• ISO 8090 Cycles – Terminology (same as BS 6102-4)
  • ISO 8098 Cycles – Safety requirements for bicycles for young children
  • ISO 8488 Cycles – Screw threads used to assemble head fittings on bicycle forks
  • ISO 8562 Cycles – Stem wedge angle
  • ISO 10230 Cycles – Splined hub and sprocket – Mating dimensions
  • ISO 11243 Cycles – Luggage carriers for bicycles – Concepts, classification and testing

Other ISO Technical Committees have published various cycle relevant standards, for example:

  • ISO 5775 Bicycle tire and rim designations
  • ISO 9633 Cycle chains – Characteristics and test methods

Published cycle standards from CEN TC333 include:

  • EN 14764 City and trekking bicycles – Safety requirements and test methods
  • EN 14765 Bicycles for young children – Safety requirements and test methods
  • EN 14766 Mountain-bicycles – Safety requirements and test methods
  • EN 14781 Racing bicycles – Safety requirements and test methods
  • EN 14782 Bicycles – Accessories for bicycles – Luggage carriers
  • EN 15496 Cycles – Requirements and test methods for cycle locks

Yet to be approved cycle standards from CEN TC333:

  • EN 15194 Cycles – Electrically power assisted cycles (EPAC bicycle)
  • EN 15532 Cycles – Terminology
  • Thanks, good starting point. I just learned that European commission "adopted a series of new standards: EN ISO 4210, parts 1-9 for city and trekking bicycles, mountain bicycles and racing bicycles, and standard EN ISO 8098 for bicycles for young children. These replace the previous standards EN 14764:2005, EN 14766:2005 and EN 14781:2005." eur-lex.europa.eu/legal-content/EN/TXT/?uri=CELEX%3A32015D0681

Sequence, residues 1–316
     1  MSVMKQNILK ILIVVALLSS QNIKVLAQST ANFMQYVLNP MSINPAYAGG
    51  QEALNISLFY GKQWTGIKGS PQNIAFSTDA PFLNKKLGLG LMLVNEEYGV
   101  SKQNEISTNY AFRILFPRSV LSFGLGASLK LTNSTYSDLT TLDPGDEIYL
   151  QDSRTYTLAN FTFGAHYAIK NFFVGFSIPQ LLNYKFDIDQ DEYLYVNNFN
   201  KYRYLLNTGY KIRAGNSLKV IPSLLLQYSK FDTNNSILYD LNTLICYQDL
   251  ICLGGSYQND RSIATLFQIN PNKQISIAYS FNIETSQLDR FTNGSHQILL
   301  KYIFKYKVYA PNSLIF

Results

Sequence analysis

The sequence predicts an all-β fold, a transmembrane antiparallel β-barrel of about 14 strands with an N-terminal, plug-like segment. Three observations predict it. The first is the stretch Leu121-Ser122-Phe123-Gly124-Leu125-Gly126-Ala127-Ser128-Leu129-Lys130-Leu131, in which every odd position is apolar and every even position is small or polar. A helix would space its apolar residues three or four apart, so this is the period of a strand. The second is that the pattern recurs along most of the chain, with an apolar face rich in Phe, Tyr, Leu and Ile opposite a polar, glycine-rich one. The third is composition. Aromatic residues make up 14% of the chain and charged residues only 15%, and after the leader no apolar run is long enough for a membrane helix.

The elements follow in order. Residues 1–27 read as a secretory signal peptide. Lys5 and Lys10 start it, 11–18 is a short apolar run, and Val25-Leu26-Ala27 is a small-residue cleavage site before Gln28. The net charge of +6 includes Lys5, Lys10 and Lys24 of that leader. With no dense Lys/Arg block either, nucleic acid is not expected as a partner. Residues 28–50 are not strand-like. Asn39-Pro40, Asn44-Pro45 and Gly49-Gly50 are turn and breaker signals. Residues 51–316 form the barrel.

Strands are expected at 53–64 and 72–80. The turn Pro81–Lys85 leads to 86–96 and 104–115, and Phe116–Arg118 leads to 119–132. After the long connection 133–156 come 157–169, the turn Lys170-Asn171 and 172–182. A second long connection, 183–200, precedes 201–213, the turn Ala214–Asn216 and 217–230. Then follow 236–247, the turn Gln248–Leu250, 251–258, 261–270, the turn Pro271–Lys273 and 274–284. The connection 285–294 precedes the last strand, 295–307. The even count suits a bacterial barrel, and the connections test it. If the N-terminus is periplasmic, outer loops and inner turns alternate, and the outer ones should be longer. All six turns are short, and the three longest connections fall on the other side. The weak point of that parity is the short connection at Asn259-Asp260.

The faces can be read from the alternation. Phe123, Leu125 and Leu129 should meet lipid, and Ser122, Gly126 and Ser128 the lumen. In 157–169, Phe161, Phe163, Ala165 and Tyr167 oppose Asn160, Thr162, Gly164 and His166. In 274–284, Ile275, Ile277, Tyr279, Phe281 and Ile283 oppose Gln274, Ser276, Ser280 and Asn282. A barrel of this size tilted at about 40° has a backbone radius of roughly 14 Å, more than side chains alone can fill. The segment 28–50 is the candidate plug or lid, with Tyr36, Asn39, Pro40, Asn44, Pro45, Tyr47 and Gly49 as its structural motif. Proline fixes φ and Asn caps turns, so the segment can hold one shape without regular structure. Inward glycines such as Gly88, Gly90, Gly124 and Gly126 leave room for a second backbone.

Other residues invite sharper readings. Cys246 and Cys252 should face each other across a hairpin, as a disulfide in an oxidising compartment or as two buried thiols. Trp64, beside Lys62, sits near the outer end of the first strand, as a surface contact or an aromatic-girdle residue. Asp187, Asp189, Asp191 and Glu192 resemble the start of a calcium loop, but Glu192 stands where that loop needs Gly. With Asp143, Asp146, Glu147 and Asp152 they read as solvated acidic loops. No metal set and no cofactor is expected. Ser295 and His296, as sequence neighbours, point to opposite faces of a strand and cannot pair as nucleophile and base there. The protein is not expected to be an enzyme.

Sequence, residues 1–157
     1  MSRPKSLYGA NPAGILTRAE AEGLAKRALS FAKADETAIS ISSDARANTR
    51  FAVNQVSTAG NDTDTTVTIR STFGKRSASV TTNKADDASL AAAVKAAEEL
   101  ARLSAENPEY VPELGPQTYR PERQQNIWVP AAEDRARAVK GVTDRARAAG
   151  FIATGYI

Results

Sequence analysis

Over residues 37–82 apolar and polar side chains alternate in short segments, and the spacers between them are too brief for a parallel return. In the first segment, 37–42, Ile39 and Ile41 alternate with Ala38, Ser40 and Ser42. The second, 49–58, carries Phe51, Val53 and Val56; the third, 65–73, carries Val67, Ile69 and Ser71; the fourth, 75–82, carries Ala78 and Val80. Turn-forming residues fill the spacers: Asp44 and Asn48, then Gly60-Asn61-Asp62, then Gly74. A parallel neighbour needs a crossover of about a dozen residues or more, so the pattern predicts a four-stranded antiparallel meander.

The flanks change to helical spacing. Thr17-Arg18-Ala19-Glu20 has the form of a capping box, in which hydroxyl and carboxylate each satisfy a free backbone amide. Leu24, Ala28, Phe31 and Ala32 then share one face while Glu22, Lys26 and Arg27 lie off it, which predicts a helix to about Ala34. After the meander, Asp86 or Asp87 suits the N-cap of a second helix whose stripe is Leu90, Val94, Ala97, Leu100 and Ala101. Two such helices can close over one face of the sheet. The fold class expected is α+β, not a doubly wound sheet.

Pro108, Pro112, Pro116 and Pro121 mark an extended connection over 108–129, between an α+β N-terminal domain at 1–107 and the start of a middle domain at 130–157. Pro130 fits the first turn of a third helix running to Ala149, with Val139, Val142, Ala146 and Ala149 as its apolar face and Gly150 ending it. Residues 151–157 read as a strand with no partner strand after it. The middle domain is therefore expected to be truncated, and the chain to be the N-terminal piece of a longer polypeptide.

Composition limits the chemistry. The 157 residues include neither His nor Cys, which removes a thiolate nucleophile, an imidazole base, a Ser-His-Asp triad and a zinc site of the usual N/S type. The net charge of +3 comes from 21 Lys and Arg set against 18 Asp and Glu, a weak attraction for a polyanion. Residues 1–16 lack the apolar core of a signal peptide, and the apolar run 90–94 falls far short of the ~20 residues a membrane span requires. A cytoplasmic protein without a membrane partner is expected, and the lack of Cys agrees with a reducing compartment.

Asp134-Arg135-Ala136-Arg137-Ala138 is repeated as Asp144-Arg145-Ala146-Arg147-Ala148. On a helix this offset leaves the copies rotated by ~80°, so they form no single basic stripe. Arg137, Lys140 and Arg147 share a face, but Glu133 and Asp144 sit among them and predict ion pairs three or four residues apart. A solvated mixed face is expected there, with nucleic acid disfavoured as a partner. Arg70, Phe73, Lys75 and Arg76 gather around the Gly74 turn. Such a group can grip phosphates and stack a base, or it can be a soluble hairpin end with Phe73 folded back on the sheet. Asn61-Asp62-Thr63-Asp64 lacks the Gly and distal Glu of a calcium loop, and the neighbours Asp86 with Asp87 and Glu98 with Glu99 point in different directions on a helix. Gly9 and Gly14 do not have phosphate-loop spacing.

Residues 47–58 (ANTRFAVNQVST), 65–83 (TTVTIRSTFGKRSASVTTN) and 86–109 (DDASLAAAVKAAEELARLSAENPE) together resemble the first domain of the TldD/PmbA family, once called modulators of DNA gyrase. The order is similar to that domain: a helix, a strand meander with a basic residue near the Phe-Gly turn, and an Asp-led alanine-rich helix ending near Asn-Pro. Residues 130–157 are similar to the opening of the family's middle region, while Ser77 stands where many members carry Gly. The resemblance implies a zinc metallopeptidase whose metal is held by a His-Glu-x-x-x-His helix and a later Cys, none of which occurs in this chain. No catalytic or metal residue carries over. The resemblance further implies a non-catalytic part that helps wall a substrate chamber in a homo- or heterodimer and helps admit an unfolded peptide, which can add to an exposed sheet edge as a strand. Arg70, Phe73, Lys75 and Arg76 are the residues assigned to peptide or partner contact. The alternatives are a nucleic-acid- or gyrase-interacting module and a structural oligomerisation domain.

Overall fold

– EarlGrey
    Feb 28, 2019 at 16:42
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    Worth noting these are ISO standards, not legal requirements. (unless a territory has a law stating 'must comply with ISO xyz') I don't think you're implying they are, but it might not be clear to some readers. Feb 28, 2019 at 20:39
  • There are general liability requirements in the EU and in most other civilized parts for commercial sellers who put a product on the market. The danger resides in the huge amount of counterfeit products flooding the market, especially on-line.
    – Carel
    Mar 1, 2019 at 11:20

There is a growing neurosis over carbon fiber bikes it seems. This article describes this trend and the developing legal battles over liability. Source is long-published magazine, Outside, and there's general acceptance of it's journalistic integrity. The article, "Carbon Fiber Fails", begins telling the circumstances surrounding a rider's experience of a catastrophic carbon fork failure and examines the resulting legal machinations arising from that accident. Seemingly one of a rising trend involving carbon fiber.

Despite news like this, there is huge support and positive experiences with carbon fiber. This is reflected in bike forum discussions where the large majority of participants relate positive experiences with, and long-term, durable performance of, carbon fiber parts and frames when the topic is carbon fiber safety. Carbon Forks Durability.

My answer to what standards? what tests? comes from the perspective that two very powerful effectors of change--important litmus tests, as it were--are the courts and customer satisfaction. I think they're both in a bit of flux, but carbon fiber is a proven material whose role in bicycle manufacture will likely continue to expand.

A Stack Exchange thread looking at aluminum vs carbon forks. Answer reflects confidence in carbon, which is perhaps ultimately what you seek.